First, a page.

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Table of contents Judea - Samaria Fall 2009 - Tishri 5770

    • Editorial - September 2009

    • Wishes of the Prime Minister of Israel

Rosh Hashanah 5770
    • Rights and Obligations

    • Loneliness and Solidarity

    • Strengh and Determination
    • In the Eye of the Storm

    • The artificial map of the Middle East
    • The Syrian-Iranian Nexus
    • The Pernicious Myth of Demographic Fatalism
    • Dehumanizing the Other:
Muslim Arab Anti-semitism Today

    • Economics Israel Style!

    • Jerusalem and Amman

Judea - Samaria
    • Normal Life
    • Israel and the Palestinians: the water issue
    • Kiddah
    • Kinor David

Crimes and Justice
    • The Story of Ivan Demjanjuk

Art and Culture
    • Holocaust Art

Ethics and Judaism
    • Financial Responsibility

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Kinor David

By Michal Sharon
A harp hung over King David’s bed. At midnight, a northern wind would blow on it and it would play music by itself. King David and his students would then arise and study Torah….delving its depths until the dawn. Therefore King David would say: “Awake, my glory, awake, harp and lyre, I will awake the dawn.” (Ps. 57:9)
(Midrash Rabah, Bamidbar, 15:16)

From its lofty dwelling, the High-school-Yeshiva Kinor David (“David’s Harp”) looks out over a beautiful view of the rolling hills of Samaria and beyond – all the way to the Mediterranean Sea. Visitors to the Yeshiva feel the open skies and ancient hills enhance the atmosphere of this unique establishment. Located high on the hill in the village Ateret, music can be heard floating down throughout the day from the Yeshiva to the homes below. The campus consists of a collection of caravans, which house the classrooms, music rooms and administration; and an assortment of houses where the students dorm. Under these restricted conditions, an amazing institution has blossomed: Kinor David, the only high-school Yeshiva in the world which incorporated high-level musical education with Torah studies. Moreover, Kinor David has recently been recognized by the Ministry of Education as a successful experimental school due to the educational research conducted by the Yeshiva's staff which aspires to encourage personal growth through the influence of music. But what must be the most indicative of its success is the high level of satisfaction with the school expressed by both students and their parents.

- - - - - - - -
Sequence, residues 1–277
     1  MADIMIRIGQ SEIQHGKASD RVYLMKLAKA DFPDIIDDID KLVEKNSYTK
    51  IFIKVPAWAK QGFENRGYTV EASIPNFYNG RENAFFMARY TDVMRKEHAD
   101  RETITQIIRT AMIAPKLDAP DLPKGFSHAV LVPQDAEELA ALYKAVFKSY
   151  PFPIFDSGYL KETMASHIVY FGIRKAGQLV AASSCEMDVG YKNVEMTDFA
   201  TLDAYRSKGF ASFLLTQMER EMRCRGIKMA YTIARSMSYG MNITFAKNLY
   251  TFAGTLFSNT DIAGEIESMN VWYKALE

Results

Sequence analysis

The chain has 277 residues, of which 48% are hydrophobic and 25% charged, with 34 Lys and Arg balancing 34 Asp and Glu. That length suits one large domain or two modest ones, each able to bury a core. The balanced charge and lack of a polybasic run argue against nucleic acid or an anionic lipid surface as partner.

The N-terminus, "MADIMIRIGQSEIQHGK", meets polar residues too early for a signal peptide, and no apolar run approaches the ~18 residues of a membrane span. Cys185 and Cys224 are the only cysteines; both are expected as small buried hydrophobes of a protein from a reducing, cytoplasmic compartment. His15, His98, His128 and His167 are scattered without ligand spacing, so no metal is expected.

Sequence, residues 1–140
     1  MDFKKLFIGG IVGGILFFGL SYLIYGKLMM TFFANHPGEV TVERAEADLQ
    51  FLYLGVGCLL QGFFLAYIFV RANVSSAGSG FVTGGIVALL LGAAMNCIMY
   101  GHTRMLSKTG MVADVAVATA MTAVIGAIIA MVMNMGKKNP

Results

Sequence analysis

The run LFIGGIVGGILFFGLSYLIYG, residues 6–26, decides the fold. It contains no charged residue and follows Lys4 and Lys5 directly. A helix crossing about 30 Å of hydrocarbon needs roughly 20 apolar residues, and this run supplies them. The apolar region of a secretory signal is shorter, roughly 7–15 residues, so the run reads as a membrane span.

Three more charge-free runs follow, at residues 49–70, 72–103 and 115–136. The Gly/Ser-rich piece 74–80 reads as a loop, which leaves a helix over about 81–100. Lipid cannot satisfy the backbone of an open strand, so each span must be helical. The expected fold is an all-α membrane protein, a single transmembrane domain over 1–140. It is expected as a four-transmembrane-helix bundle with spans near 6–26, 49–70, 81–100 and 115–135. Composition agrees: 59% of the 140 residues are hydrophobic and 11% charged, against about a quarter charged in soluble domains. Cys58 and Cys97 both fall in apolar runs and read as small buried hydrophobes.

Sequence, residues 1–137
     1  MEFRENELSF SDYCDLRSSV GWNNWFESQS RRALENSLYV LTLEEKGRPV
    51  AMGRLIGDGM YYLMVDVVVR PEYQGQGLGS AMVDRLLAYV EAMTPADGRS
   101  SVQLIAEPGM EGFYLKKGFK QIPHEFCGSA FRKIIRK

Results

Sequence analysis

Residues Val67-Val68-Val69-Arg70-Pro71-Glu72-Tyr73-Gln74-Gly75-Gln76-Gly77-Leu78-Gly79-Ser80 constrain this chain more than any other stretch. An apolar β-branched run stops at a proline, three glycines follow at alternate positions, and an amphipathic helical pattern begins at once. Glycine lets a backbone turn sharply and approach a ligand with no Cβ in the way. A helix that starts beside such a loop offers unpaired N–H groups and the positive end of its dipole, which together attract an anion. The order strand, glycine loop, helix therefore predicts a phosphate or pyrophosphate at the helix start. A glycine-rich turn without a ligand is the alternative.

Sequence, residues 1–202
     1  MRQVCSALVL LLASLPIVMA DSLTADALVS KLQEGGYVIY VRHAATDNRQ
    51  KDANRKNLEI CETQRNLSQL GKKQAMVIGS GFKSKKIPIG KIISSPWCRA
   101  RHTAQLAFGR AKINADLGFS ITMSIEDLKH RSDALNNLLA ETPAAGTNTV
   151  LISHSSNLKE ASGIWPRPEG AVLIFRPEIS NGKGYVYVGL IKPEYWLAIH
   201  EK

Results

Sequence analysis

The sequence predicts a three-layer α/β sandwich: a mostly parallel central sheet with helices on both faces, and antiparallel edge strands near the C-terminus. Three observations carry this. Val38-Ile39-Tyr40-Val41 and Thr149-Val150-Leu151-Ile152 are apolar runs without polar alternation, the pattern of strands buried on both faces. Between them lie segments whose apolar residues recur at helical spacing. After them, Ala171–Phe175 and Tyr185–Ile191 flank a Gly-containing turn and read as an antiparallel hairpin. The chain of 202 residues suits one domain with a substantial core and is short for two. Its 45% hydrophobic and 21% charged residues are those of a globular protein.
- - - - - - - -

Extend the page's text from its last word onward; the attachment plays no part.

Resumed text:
This list of achievements is impressive on its own, but even more so in the context of the time and place in which they were accomplished. The Yeshiva was founded in 1988, a year after the beginning of the infamous Arab riots, in a location which has endured much hardship. Over the years cars traveling on the roads to the village and the surrounding Jewish communities have been attacked by Arab terrorists, who haven’t hesitated to attack the villages themselves. In addition, yeshivot in Israel have suffered severe budget cuts by the government; and Kinor David, which also relies on donations from abroad, has been hard hit by the latest economic crisis. The success of the school is due to the great dedication, sacrifice and hard work of its staff.

Kinor David is the brainchild of the residents of Ateret, who felt the unique atmosphere of their village had much to offer. They also hoped that the rather isolated community would benefit from having a Yeshiva in their midst. Kinor David was established for orthodox boys looking to develop their musical talents within a Yeshiva environment, while acquiring a full high-school diploma. The founders hoped to create a new generation of musicians proficient in both Torah and music that would breath new life into Jewish music and Jewish society.

Kinor David is now famous for its unique educational approach which combines musical sensitivities, an especially devoted staff, and friendly respect between students and teachers. It places an emphasis on its warm, family-like atmosphere, and attends to the individual needs of each student. This approach, along with the musical leitmotif that permeates every aspect, balances the Yeshiva’s rigorous and demanding curriculum with a pleasant and relaxed atmosphere.
Rabbi Moti Hershkop has been the Rosh Yeshiva (Yeshiva Headmaster) for the past 5 years and is highly esteemed. An accomplished musician in his own right, he arrived with a clear vision and a unique sensitivity and understanding of the younger generation's mindset. Together with Mr. Uri Heilborn, the high-school principal, he has set the Yeshiva on a path towards excellence.